Goodbye lesson learned, welcome LOI!
Every year I see lots of companies attempting to reorganise themselves, mostly trying to include a lean approach into their services. In mondora there is no hierarchy (we’re a flat company) and we believe that it is our duty to learn from our every mistake. We have been working with Agile and Scrum for many years, and we run the company by organising it around small teams and having retrospective meetings at every iteration.
In time, we have been able to bring agility into the corporate organisation and we have started to work with company wide Gatherings, which happen once or twice a year and in which we learn something from each other. Learning is a key aspect of mondora, but we found that just declaring a lesson learned is not enough, as it is more of a celebration of an accomplishment, rather than an actual learning experience. However — and here comes the good part — we are also learning how to learn and improving our ability to run and facilitate retrospectives. During our last Gathering we worked with a completely different approach and implemented the art of “presencing” from Theory U.
Our last team retrospective consisted of two main phases:
- The downloading phase in which each colleague talked about his or her struggles and wishes in relation to the project;
- The presencing phase in which each colleague tried to understand what was coming from the future
- The third phase (didn’t I say two?) which is COMMITMENT!
During the meeting, I gave each colleague a piece of paper to jot down thoughts, drawings and whatever came to mind whilst someone else was downloading. The aim of this exercise was to feel and accept what was coming from each person, and contextualise it in the present moment. Everyone in turn downloaded from the past to the present, whilst a visual facilitator drew everyone’s concerns on the whiteboard. By drawing on the whiteboard and making everyone’s concerns visual, the I of each person merged into a We: this was clearly visible in the finished drawing.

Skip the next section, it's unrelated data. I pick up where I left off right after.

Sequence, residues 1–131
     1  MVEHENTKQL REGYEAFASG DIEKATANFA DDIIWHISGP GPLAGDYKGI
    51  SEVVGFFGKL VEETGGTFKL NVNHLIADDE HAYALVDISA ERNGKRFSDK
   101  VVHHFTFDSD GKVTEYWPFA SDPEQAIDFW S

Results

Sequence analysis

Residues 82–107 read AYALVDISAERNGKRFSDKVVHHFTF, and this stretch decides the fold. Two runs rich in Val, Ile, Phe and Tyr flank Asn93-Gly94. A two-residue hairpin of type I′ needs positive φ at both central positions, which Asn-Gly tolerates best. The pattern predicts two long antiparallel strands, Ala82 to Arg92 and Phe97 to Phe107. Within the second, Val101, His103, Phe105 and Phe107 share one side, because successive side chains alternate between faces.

After a 10 minute break we moved on to the “presencing” or suggestion phase, using the whiteboard drawing as a reference for everyone. This is when the magic happened! Some colleagues spontaneously made a declaration about how they would help a specific teammate on the topic he or she was struggling with one teammate, for example, received help in learning to speak better in public during demos and meetings. Another received help in mastering a new technical skill that he required to perform tasks.. Meanwhile, the visual facilitator was drawing the connection between people and their statements on a second whiteboard. What was happening? The We was moving back to the I and individuals were picking a team problem and taking ownership of it. The action of learning encapsulates the lesson learned in this sentence template:
Dear teammate, as your peer I acknowledge you are struggling with ____ and I commit to helping you by _____ so that the Stakeholder ____ can gain benefit from this ______ and I can improve on _________. In this way we are interdependent because I improve as far as you improve.
This sentence is somehow similar to a User Story but with a real person’s problems and an amazing commitment to helping the organisation in being self organised.
The lesson learned is not expressly declared, but it is owned inside the sentence above. This is when the third phase happens: why not truly commit with a real letter (email is fine) in which each peer states his or her commitment towards one or more colleagues? Welcome LOI: Letter of Interdependence! Thanks to the LOI a colleague can send a message to a peer using a known format similar to a user story and declare in which way the two parties are interdependent. As it is initiated with a letter or email, a LOI can also be terminated by replying to this message and giving the reasons for termination (for example when the issue one is struggling with has been overcome).
We first tested the LOI on a single team inside mondora and the practice is now growing to the whole company. This is the way in which we are becoming adults inside the company and how we commit to helping our peers on our joint learning journey. I can vouch that the act of sending a message with such a statement enables peers to feel their problems are understood and that help is on the way. Once the problem is solved, the LOI can be terminated.
Welcome LOI, long life to learning!
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